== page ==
Do it yourself trial technology and trial consulting

Persuasion , Trial Topics Add comments

By Amy Singer, Ph.D. and Diana Greninger

Long are the days we trusted professional football referees to make calls on plays. These days we look at replays before we trust a referee’s eyes. Technology has taken over everything from football to face to face meetings to trials. We use technology, such as Facetime or Skype, to speak “face to face” with our loved ones, whether they are 10 miles away or across the world. Trial lawyers use technology in the courtroom to help jurors envision the intricate details of their client’s case.

A few years ago, in the midst of a recession, spending a lot of money on flashy demonstrative aids in the courtroom was often frowned upon.  Jurors would conclude that if the defendant had the funds to spend on graphics, they certainly could afford to make the plaintiff whole. Meanwhile, plaintiffs often struggled with being able to effectively express aspects of their case with graphics of the same standard as the defendant.

However, today’s technological advances are changing the environment for marketing, politics and litigation. Not only are good graphics more affordable, they are expected. Consumers, voters and jurors are used to seeing high quality graphics anywhere from TV ads, work presentations and social media outlets.

Jurors expect to see powerful graphics that are easy to read and interpret. They expect trial teams to put forth their best effort (in both presentation and visual aids) in order to be taken seriously in court. Simple graphics have come to mean lack of thoughtfulness or care for jurors’ understanding.  Attorneys can no longer get away with saying things like “I hope you can see this on the screen,” or “take my word for it, it says/means x.”

Even during pre-trial research, mock jurors are expressing the want and need for higher quality demonstrative aids.  We have found that when jurors cannot see/understand the demonstrative aid, they stop listening to what is being said.

Until recently, attorneys could get away with conducting their own mock trials in their offices. However, because of the recent cases that have been highly publicized, people have become more knowledgeable about trial proceedings.   In-office mock trials often result in biased results that are not useful. These biased results are the equivalent to poor quality graphics that do not impress jurors who keep up with the news.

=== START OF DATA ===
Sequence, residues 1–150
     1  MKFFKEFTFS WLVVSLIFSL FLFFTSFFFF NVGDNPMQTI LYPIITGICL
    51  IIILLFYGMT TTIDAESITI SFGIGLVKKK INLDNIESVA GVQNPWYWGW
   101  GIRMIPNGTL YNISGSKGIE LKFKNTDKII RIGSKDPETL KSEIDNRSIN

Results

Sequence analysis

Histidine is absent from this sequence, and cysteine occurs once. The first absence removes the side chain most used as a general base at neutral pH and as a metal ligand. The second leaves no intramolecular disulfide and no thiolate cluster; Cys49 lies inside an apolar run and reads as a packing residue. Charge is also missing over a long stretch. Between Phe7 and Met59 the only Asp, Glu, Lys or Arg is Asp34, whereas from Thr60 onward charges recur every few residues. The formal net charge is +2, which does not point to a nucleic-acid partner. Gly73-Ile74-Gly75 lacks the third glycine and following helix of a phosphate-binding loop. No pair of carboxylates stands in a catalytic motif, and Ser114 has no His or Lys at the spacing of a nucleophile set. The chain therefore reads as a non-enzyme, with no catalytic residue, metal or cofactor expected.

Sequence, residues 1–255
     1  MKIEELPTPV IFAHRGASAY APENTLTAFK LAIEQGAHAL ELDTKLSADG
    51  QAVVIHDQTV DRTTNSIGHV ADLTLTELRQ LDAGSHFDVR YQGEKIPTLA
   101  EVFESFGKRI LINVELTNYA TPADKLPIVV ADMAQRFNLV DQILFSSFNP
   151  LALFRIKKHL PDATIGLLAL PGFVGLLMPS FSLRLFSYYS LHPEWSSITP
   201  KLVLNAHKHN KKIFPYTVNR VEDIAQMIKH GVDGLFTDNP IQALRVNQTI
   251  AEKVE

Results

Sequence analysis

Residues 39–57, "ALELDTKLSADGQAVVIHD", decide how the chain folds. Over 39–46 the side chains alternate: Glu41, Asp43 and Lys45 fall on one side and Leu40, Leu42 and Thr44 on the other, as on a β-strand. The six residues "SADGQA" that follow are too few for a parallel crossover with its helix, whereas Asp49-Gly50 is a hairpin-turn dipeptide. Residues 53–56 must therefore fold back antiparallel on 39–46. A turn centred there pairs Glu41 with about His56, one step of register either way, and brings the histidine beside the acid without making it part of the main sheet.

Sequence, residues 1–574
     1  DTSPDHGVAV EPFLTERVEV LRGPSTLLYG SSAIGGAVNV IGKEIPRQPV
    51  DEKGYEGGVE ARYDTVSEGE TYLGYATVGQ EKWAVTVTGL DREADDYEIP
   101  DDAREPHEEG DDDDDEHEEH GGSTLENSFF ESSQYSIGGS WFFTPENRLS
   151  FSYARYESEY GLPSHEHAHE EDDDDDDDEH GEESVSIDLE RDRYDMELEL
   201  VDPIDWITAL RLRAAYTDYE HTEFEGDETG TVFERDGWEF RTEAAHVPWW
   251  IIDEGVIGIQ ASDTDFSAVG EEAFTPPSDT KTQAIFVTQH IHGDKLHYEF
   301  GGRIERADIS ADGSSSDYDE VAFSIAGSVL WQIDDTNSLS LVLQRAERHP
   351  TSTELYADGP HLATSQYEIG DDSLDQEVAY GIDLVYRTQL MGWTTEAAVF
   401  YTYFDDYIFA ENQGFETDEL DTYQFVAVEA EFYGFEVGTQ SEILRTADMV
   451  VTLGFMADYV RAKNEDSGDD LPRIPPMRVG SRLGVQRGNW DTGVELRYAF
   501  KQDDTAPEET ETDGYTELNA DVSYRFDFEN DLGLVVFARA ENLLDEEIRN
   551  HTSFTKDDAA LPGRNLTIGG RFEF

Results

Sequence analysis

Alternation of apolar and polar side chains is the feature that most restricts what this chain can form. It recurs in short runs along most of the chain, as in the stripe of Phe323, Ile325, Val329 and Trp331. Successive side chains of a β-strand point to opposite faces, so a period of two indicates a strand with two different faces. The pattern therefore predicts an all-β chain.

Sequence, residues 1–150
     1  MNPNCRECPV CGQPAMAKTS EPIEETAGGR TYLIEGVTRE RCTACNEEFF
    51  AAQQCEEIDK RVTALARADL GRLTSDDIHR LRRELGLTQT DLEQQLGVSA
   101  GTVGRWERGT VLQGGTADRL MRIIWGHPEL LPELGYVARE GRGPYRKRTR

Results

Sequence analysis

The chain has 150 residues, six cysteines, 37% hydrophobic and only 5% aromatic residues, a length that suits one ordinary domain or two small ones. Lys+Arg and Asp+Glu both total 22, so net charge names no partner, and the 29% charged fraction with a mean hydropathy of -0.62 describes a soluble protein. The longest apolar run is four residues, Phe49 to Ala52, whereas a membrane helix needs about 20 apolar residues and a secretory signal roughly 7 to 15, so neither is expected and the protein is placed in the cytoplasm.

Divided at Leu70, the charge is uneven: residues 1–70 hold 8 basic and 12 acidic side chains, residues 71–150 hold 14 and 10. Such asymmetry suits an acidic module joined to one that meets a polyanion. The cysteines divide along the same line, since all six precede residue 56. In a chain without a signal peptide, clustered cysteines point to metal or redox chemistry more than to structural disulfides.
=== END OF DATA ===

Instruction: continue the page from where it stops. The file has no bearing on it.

The problem with conducting your own focus groups is subjectivity.  Trial consultants work on hundreds, if not thousands, of trials throughout their careers. Due to that exposure, they will identify a problem and know how to handle it because of their broad knowledge and experience. One can’t get out of their own head. Anyone can sit and listen to people talk, but what does it mean? What is the argument to which there is no counterargument? What is the psychology that drives the case? What is the appropriate strategy? Two heads are better than one.

The same applies to graphics: attorneys need an objective 3rd party, people who have been trained to convey complex information visually.  Infographics are now trending as they allow a lot of information to be presented in an organized, visually appealing manner.   For example, we recently worked on a case that involved a multitude of parties.  An infographic can be used as a “player’s chart” where the multiple parties, shell corporations, international law and other complicated aspects of the case can be easily presented.

In a recent article entitled How to persuade jurors in a complex case (August 29, 2013), we described how the best way to impart knowledge to the jury is through the use of demonstrative evidence (graphics). The best way to impart understanding is through the use of analogies and metaphors (trial consulting). Only when you have provided jurors with knowledge and understanding, will you allow them to develop wisdom regarding their verdict. 

Trial attorneys need to step up their game (if you haven’t already) and keep up with the times when it comes to trial preparation, in both graphics and overall trial strategy.

 

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